Direct observation of internal state of thermal runaway in lithium ion battery during nail-penetration test

Direct observation of internal state of thermal runaway in lithium ion battery during nail-penetration test

Journal of Power Sources 393 (2018) 67–74 Contents lists available at ScienceDirect Journal of Power Sources journal homepage: www.elsevier.com/loca...

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Journal of Power Sources 393 (2018) 67–74

Contents lists available at ScienceDirect

Journal of Power Sources journal homepage: www.elsevier.com/locate/jpowsour

Direct observation of internal state of thermal runaway in lithium ion battery during nail-penetration test

T

Tokihiko Yokoshimaa,∗∗, Daikichi Mukoyamaa, Fujio Maedaa, Tetsuya Osakaa,∗, Koji Takazawab, Shun Egusab, Satomi Naoic, Satoru Ishikurac, Koichi Yamamotoc a

Research Organization for Nano & Life Innovation, Waseda University, 513 Waseda-tsurumaki-cho, Shinjuku-ku, Tokyo, 162-0041, Japan Toshiba Infrastructure Systems & Solutions Corporation, 72-34, Horikawa-cho, Saiwai-ku, Kawasaki-shi, Kanagawa, 212-8585, Japan c National Institute of Technology and Evaluation, 1-22-16, Nankokita, Suminoe-ku, Osaka-shi, Osaka, 559-0034, Japan b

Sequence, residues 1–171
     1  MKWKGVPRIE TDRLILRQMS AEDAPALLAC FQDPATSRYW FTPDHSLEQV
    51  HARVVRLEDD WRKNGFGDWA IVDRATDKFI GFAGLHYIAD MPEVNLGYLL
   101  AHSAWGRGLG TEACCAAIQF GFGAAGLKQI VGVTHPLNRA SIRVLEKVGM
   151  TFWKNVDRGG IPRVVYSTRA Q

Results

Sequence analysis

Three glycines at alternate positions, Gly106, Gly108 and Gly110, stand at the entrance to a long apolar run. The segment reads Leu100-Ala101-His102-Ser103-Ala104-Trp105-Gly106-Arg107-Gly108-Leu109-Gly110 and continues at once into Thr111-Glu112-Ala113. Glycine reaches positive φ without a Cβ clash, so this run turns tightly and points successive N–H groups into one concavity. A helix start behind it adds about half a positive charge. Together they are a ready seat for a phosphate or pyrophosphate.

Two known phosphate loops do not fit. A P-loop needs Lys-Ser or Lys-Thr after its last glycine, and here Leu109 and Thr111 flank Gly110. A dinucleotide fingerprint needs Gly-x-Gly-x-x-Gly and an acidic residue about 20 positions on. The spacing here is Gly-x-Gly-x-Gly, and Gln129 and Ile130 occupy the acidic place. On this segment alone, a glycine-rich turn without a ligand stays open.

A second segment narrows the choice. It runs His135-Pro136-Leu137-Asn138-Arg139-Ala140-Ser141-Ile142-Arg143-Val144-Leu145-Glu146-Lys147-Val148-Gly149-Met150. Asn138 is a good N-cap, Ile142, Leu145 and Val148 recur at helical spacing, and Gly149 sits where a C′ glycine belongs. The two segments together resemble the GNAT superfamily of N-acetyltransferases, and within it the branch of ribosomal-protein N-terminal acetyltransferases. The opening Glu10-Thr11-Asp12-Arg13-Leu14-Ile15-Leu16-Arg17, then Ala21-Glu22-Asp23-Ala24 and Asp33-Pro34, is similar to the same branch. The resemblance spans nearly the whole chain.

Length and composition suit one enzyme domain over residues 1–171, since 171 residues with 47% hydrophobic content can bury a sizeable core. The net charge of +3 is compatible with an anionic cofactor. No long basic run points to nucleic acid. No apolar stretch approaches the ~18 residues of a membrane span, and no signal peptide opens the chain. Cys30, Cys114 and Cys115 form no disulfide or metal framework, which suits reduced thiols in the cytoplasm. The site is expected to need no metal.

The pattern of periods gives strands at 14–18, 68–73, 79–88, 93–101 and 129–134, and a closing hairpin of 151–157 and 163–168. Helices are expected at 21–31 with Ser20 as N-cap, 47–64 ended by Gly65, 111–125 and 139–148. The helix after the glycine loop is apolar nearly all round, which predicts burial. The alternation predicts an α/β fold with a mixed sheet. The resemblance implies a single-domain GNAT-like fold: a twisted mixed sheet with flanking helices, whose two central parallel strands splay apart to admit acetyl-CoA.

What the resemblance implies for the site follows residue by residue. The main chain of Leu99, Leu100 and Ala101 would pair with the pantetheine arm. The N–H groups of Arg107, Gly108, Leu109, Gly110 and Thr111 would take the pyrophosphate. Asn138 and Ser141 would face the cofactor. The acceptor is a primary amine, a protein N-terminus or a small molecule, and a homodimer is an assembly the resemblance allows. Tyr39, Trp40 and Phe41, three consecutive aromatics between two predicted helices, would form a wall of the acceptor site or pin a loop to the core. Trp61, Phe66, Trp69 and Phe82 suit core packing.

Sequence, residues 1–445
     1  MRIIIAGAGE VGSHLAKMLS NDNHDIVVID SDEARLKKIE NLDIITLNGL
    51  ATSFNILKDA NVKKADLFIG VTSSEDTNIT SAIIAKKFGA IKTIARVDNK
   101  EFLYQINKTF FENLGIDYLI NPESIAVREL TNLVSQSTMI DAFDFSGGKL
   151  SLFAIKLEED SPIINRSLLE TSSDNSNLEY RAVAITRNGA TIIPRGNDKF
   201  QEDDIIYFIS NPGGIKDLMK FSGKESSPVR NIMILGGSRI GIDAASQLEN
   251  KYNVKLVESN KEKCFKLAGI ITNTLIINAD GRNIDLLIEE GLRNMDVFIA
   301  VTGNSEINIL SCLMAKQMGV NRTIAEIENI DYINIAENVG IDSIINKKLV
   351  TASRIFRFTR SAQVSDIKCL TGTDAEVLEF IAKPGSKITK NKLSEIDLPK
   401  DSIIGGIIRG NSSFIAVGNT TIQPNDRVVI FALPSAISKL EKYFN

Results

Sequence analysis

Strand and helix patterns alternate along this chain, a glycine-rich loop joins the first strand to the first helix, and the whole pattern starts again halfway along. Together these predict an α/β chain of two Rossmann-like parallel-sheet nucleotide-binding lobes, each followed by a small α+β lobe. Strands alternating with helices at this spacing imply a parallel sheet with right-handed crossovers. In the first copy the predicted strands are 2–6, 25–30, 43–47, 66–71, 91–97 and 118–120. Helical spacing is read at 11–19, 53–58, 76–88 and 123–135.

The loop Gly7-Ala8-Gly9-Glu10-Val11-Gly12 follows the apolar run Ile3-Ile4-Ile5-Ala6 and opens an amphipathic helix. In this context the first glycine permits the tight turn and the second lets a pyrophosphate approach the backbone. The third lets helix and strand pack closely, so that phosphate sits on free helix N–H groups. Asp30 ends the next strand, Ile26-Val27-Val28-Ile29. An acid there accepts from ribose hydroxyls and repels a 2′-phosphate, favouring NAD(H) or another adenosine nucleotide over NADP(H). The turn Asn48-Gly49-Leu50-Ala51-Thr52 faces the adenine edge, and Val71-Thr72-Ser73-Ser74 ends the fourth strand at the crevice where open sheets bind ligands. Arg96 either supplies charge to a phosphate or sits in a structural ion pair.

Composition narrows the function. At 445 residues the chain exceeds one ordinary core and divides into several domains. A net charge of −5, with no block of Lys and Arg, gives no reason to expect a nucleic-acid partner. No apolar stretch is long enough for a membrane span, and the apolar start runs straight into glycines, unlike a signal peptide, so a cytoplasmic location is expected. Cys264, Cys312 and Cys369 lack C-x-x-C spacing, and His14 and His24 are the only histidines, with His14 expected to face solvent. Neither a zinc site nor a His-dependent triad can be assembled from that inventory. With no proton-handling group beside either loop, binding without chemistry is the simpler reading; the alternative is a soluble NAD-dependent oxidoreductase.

H I GH L IG H T S

G R A P H I C A L A B S T R A C T

X-ray scanner system for testing • An internal short circuits in LIBs was developed.

transmission moving images of • X-ray the layered LIB structure were obtained.

changing structures of LIB during • The nail-penetration test were directly observed.

thermal runaway in LIB was di• The rectly observed.

A B S T R A C T